“For summer, these are such great materials because they are basic and natural,” Andrews says. “You will see a lot of global-inspired bags and fun, colorful patterns. These bags come in everything from soft pastels as well as deep hues, magentas and cobalt blues. Match the style of bag to the occasion. A clutch is perfect for the weekend, while a more structured purse works for work. Take the tote on vacation.”
These bags also are less expensive than leather, and some have interesting embroidery and detail as well, from great sculpted handles to leather trims and embellished designs, Andrews says.
“They remind us of summer and are the perfect transition bag from spring to summer,” he says.
JoAnne Klimovich Harrop is a staff writer for Trib Total Media. She can be reached at firstname.lastname@example.org or 412-320-7889.
Show commenting policy
TribLive commenting policy
You are solely responsible for your comments and by using TribLive.com you agree to our Terms of Service.
We moderate comments. Our goal is to provide substantive commentary for a general readership. By screening submissions, we provide a space where readers can share intelligent and informed commentary that enhances the quality of our news and information.
While most comments will be posted if they are on-topic and not abusive, moderating decisions are subjective. We will make them as carefully and consistently as we can. Because of the volume of reader comments, we cannot review individual moderation decisions with readers.
We value thoughtful comments representing a range of views that make their point quickly and politely. We make an effort to protect discussions from repeated comments either by the same reader or different readers.
We follow the same standards for taste as the daily newspaper. A few things we won't tolerate: personal attacks, obscenity, vulgarity, profanity (including expletives and letters followed by dashes), commercial promotion, impersonations, incoherence, proselytizing and SHOUTING. Don't include URLs to Web sites.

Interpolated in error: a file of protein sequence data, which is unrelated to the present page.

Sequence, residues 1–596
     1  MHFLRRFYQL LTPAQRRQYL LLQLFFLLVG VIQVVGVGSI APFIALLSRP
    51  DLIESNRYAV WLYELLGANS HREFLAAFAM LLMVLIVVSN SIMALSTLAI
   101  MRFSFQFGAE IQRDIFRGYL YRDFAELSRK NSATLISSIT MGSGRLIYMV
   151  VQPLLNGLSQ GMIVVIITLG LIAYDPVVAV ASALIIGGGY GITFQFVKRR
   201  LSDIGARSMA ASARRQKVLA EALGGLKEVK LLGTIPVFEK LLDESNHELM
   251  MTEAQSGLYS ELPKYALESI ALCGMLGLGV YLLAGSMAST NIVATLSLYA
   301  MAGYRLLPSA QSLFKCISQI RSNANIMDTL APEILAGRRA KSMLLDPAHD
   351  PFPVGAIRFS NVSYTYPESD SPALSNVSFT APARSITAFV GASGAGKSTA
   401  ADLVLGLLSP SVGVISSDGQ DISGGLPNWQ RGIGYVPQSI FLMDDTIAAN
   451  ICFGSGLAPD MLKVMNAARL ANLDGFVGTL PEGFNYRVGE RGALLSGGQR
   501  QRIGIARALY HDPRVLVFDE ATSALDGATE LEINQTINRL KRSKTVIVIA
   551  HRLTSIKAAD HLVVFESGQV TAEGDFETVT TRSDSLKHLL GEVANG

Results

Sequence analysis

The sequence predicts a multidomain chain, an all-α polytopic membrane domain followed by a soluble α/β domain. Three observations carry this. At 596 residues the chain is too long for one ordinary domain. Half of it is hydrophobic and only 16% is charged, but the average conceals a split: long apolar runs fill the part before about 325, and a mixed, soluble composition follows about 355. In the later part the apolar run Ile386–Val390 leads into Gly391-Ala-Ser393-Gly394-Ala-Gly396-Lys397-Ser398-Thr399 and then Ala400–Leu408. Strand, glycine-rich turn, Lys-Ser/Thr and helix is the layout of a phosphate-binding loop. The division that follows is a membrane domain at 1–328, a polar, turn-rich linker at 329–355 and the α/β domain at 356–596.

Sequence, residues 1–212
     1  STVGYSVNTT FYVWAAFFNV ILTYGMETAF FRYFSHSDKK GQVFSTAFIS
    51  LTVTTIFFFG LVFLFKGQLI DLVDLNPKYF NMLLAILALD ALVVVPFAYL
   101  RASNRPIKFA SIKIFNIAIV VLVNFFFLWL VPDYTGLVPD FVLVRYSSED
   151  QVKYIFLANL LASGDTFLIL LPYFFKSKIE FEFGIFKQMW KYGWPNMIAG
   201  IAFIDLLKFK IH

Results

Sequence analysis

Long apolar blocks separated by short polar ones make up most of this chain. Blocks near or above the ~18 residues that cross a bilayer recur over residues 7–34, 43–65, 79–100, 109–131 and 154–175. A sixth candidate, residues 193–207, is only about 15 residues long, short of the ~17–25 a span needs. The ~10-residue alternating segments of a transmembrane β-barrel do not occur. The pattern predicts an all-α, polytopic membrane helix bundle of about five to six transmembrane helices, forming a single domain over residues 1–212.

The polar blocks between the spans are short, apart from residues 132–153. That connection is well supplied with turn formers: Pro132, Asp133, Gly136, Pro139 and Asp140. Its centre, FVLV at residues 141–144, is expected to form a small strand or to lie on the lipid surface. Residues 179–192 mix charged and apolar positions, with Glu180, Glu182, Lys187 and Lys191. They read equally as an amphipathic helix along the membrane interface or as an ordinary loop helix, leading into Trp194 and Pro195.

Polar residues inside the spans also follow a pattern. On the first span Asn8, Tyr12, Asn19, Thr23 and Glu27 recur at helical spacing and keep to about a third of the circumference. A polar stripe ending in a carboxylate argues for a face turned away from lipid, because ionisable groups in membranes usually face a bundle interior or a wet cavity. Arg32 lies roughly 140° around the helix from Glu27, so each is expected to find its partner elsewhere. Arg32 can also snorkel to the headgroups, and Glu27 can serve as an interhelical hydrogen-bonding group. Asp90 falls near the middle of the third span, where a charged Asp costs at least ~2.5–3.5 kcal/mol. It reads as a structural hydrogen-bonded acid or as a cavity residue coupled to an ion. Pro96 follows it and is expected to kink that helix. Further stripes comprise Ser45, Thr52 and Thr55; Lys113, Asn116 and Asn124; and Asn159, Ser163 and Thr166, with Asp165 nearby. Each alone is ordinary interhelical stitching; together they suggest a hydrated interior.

We do not edit comments. They are either approved or deleted. We reserve the right to edit a comment that is quoted or excerpted in an article. In this case, we may fix spelling and punctuation.
We welcome strong opinions and criticism of our work, but we don't want comments to become bogged down with discussions of our policies and we will moderate accordingly.
We appreciate it when readers and people quoted in articles or blog posts point out errors of fact or emphasis and will investigate all assertions. But these suggestions should be sent via e-mail. To avoid distracting other readers, we won't publish comments that suggest a correction. Instead, corrections will be made in a blog post or in an article.
- Steelers safety Polamalu finds himself in tough position
- LeBeau wants to come back as Steelers defensive coordinator
- Kovacevic: A great day to appreciate No. 68
- Early data reveal downward shift in holiday spending
- Pitt’s Donald sweeps Outland, Bednarik awards, named All-American
- Man wounded in Mt. Lebanon apartment shooting
- Industrial past inspires Fairmont’s ‘Garden of Titans’ holiday tree
- Concert promoter’s book shares 40 years of music memories, celeb antics
- Westmoreland prosecutors want prison for Russian in gun case
- Firefighters battle house fire in Bloomfield
- Power play, penalty kill help put Penguins on another 100-point pace